Since he was 18 years old, Oliver Messiaen wrote down the melodies of bird songs and wrote a considerable amount of works inspired by them. In particular he composed, between 1955 and 1956, Oiseaux Exotiques (Exotic Birds), in which he represents the song of forty-eight native birds of North America, South America, India, China, Malaysia and the Canary Islands.

The composer, director, singer and choreographer Meredith monk he has experimented with imitating birds with his own voice. On his 1979 album, Songs from the hill (Songs from the Hill), includes Bird code (The code of birds).

We could go on almost infinitely, but the works mentioned are enough to confirm human admiration for the singing abilities of birds and the vocal expressions of other animals. It has been accepted that the emission of these sounds correspond to emotions such as joy, serenity, happiness, fear, even sadness, melancholy and despair. On the other hand, there has been resistance to assuming that these sounds are a true language, capable of communicating information between individuals of the same species. Monk’s work differs in this sense from the previous ones, since from its title it proposes not to limit itself to appreciating the beauty of the song, but also to consider that it is a communication code.

For what reason have the other composers not worked more in that direction? For me the answer is simple: that a living being is capable of expressing and communicating forces us to accept that it enjoys and suffers, that perhaps it remembers and understands. And that stirs our conscience. If birds feel and express, what kind of people are we, for example, by keeping them locked in a cage to enjoy their song?

In the human species we assume that a voice that expresses an interiority thinks. And we maintain that whoever thinks has rights. If we decide to recognize those rights, we may have to waive some of our privileges. Until a few decades ago, it was likely that a child with severe hearing impairment would not learn to speak. And if he did not learn to speak, he was likely to be considered “mentally deficient” (sic). Centuries ago, we considered inferior peoples whose languages ​​we did not understand. Both events represented privileges for those who could and did speak our language. Both are today considered ethically unacceptable.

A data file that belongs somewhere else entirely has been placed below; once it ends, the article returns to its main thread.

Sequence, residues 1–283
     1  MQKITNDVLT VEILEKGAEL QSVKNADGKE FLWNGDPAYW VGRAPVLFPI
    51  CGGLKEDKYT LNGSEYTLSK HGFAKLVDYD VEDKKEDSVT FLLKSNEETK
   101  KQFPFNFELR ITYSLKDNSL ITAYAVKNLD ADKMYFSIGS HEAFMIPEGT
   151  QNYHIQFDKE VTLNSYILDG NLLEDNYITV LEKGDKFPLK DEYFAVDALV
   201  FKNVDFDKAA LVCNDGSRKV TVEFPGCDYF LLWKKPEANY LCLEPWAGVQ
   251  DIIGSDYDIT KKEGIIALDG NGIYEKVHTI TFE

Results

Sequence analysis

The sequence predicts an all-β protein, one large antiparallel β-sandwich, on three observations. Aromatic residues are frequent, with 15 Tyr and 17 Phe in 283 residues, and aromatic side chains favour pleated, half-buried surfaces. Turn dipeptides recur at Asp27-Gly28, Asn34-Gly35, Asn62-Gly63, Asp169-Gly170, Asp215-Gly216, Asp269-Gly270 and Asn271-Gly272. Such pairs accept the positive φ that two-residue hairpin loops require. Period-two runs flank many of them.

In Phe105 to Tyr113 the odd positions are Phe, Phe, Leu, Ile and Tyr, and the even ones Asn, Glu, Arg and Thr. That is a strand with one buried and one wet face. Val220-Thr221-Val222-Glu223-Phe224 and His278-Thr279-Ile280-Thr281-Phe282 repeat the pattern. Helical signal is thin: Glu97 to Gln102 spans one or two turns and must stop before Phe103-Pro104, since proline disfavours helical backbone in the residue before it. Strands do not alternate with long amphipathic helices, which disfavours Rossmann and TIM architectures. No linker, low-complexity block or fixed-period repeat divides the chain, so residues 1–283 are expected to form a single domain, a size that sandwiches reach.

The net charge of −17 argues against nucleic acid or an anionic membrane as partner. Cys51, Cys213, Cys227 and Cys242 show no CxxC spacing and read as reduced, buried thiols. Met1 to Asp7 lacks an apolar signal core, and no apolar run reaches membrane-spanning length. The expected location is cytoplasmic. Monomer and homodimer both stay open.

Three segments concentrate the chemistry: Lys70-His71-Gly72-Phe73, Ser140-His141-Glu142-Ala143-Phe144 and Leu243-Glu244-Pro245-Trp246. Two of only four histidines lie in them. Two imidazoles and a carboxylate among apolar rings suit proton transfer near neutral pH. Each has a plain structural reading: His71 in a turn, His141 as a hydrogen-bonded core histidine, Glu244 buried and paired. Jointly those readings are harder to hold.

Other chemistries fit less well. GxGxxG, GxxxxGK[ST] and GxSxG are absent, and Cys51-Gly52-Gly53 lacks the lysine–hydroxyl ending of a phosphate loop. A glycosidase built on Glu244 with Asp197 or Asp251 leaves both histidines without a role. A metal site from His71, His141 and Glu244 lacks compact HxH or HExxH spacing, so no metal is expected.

A few months ago the Royal Society B (Biological Sciences) of the United Kingdom published a study in which seven researchers see as the cause of the probable extinction of the regent honeycomb of Australia (Anthochaera phrygia) the loss of the culture of their songs. Regent honeycombs are a social species that travel in flocks and feed on flowering eucalyptus and mistletoe trees. They trill to mark their territory, give advice on where to find food and also to mate. Some of their young no longer find other older individuals to teach them to chirp and have no way of learning the songs they need for mating rituals and other evolutionary matters. Sometimes they imitate the song of other types of birds, but it is ineffective, because their potential partners do not understand it. This study shows how the loss of a vocal culture can lead to the extinction of a species and, therefore, it must be accepted that a non-human species has been able to develop a culture.

Speciesism is based on the discrimination of other beings that we consider incapable of feeling and thinking, therefore inferior. We assume that they do not think because we consider that they do not speak. Perhaps it is uncomfortable to assume that we do not know their language. Or not learn it, because that would summon our empathy and put us before the circumstance of having to respect their rights and renounce certain privileges. Speciesism is based on logocentrism. But we will talk about this another day. Today we will celebrate music as a non-exclusive language of the human species.